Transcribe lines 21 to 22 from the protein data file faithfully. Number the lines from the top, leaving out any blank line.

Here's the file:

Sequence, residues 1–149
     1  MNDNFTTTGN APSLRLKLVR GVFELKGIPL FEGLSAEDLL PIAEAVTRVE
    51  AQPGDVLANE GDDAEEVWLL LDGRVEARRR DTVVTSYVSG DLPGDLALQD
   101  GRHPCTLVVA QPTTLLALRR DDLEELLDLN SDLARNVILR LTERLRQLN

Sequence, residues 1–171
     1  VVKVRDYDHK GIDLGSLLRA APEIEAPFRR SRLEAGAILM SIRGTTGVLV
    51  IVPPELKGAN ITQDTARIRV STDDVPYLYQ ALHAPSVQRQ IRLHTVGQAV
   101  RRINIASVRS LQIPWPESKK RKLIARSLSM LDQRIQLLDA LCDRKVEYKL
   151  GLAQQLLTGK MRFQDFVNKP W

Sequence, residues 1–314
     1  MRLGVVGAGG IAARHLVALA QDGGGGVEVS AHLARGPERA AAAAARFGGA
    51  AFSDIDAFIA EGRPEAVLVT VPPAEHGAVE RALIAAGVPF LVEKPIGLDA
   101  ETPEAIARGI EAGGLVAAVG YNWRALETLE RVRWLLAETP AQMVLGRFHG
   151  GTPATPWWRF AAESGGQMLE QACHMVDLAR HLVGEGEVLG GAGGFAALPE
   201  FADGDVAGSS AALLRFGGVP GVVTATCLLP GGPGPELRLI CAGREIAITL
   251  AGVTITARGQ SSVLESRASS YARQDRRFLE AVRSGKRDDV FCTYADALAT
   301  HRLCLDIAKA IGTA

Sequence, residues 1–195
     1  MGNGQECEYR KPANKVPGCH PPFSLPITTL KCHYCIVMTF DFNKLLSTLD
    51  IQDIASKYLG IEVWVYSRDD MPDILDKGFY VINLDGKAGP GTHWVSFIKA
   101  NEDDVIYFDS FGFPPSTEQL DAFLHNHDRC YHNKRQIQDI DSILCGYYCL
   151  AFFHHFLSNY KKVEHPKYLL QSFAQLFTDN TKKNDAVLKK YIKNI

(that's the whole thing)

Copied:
   101  NEDDVIYFDS FGFPPSTEQL DAFLHNHDRC YHNKRQIQDI DSILCGYYCL
   151  AFFHHFLSNY KKVEHPKYLL QSFAQLFTDN TKKNDAVLKK YIKNI